My Eiger North Face Storyby David Gladwin May/2008
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When I saw the local forecast, predicting a clear spell which would give the snow and ice enough time to stabilize followed by a window in the weather large enough for a multi day trip, then I knew it was time to tackle the notorious North face of the Eiger.
During the winter I had kept myself in a good shape just waiting for this opportunity. Whenever possible I would go ice climbing or dry tooling (climbing on rock with ice axes and crampons). When no partners were available, I would solo easy ice routes or do pull ups with ice axes on door frames, all with the aim of improving stamina and strength.
At camp there were a few climbers waiting around for ideal conditions. There were two Danes hoping to make the first Danish ascent and three French guys planning on flashing the route in one day, by using techniques such as simultaneous climbing and soloing in order to cover the easier terrain faster. Two Austrians had used the stealth tactics of climbing around a third of the route the previous day, leaving ropes in place on the difficult sections then using the train tunnel window to come back down. This meant they could get a head start and do the whole route in a day. My math's isn't great but doing some quick sums, a 1 in 13 chance of survival was giving me reason to be concerned.
We packed our bags with the absolute minimum of kit so that we could travel fast and then we ate as much as our anxious stomachs could hold, before settling down for the night.
The sky was a brilliant blanket of stars and the silence was a deep nothingness, it was midnight and we plodded along until the big black void was above us and we could see the French climbers torches just ahead, moving fast.
It was great to finally sit down and get some warmth and food into our tired bodies. There wasn't much sound other than the occasional small avalanche of rock/snow and the circling helicopters which seemed to be appearing more regularly later in the day, presumably sightseers.
We had to sleep in our harnesses with the ropes attached in case we decided to go for a little sleep walk. We weren't concerned about our lack of comfort; it was great to be sitting in our bags on our little ledge in time to see the distant peaks change a seemingly thousand shades of red and orange.
The second and planned last day was expected to have the technically hardest climbing in it. From the start we climbed vertical ice, and sections of rock that for entire rope lengths seemed to have matchbox sized footholds and nothing for our hands. One section that seemed never ending finished with a strenuous mantle up and over an overhang, and with tiring arms all I could manage was a desperate grab at a sling tied to a piton, which to my dismay pulled out and sent me sailing down the face, luckily to an abrupt stop as the rope became taught. Gingerly I carried on. Then route finding became challenging too, with chimneys that lead to seemingly impassible walls of rock. Already totally exhausted, we didn't want to climb the wrong one. When this happened we would have to down climb and then try the one next to it.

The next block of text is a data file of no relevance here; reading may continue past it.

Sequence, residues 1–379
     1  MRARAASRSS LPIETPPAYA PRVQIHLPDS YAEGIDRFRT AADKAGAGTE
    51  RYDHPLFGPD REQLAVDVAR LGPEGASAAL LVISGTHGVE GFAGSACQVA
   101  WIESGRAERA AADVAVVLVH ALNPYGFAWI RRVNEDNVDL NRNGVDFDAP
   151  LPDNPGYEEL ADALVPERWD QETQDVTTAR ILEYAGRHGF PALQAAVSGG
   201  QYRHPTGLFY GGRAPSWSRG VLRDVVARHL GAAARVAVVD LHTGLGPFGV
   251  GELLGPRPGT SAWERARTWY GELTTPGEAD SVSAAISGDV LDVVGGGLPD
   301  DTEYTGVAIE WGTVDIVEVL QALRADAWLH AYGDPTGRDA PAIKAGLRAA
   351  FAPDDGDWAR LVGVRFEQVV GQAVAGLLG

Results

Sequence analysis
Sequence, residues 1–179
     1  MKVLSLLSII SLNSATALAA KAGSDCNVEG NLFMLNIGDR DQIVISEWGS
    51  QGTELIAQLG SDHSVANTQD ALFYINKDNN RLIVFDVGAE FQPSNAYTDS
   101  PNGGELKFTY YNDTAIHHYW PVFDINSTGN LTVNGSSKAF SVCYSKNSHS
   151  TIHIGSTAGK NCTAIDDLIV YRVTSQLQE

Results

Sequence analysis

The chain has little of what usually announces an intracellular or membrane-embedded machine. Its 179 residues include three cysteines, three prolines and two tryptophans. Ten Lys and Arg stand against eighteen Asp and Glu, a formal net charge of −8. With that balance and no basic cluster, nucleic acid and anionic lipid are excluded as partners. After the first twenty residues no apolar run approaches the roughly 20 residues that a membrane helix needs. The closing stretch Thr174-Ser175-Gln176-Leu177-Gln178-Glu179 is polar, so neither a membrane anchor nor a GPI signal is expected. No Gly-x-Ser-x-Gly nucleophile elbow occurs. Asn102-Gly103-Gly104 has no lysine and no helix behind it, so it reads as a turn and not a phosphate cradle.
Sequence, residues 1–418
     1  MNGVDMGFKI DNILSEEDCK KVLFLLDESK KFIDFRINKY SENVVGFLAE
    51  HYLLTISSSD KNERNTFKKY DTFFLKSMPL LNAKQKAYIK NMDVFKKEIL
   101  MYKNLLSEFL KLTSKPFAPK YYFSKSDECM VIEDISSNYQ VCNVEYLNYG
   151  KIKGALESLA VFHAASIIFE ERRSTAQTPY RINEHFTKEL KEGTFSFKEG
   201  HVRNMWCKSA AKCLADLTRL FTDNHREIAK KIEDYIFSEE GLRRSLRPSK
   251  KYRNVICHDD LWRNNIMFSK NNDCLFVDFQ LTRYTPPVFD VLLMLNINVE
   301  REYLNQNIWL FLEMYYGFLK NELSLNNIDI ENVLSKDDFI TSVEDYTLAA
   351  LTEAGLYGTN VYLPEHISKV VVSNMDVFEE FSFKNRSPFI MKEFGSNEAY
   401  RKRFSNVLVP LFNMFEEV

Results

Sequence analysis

Avalanches came down all night filling my sleeping bag (Jim had regrettably decided against taking one so as to travel lighter). I had just about dropped off to sleep when an avalanche bigger than the others sent me shooting down the face and towards a dark void. To my relief I jolted to a halt thanks to my rope and harness, which I had slept in.
At around 4 am we decided that this disturbed fitful sleep was pointless, and as Jim's shivering was worrying me, we set off on the final Exit Cracks. Eventually, the angle of the rock eased and we hit the final ice slope leading to the summit ridge. We plodded on, at a snail's pace, on calf burning 45-50 degree ice, and summitted around midday.
After three days of technical, heart wrenching climbing, we were both relieved to be sitting on the summit of our world with our dreams fulfilled. We had a beautiful panorama of the Monch and Jungrau mountains to our side and the inviting safety of the Grindelwald valley below. The clouds were coming in fast leaving an incredible tail of cotton wool behind them, so we decided to get down before the weather broke. We packed our rope away in preparation for the supposedly straightforward three-hour descent.
The terrain wasn't technical but it was exposed, and a slip could lead to an uncomfortable journey. Jim lost his footing a couple of times, one ending in him sliding down a rock gulley for 5 metres then stopping on a football sized rock at the bottom, no more than a foot print away from a 30m cliff.
Although we didn't know him well, it hit us all hard as we realized how thin the line is that we are walking on every time we venture into the mountains.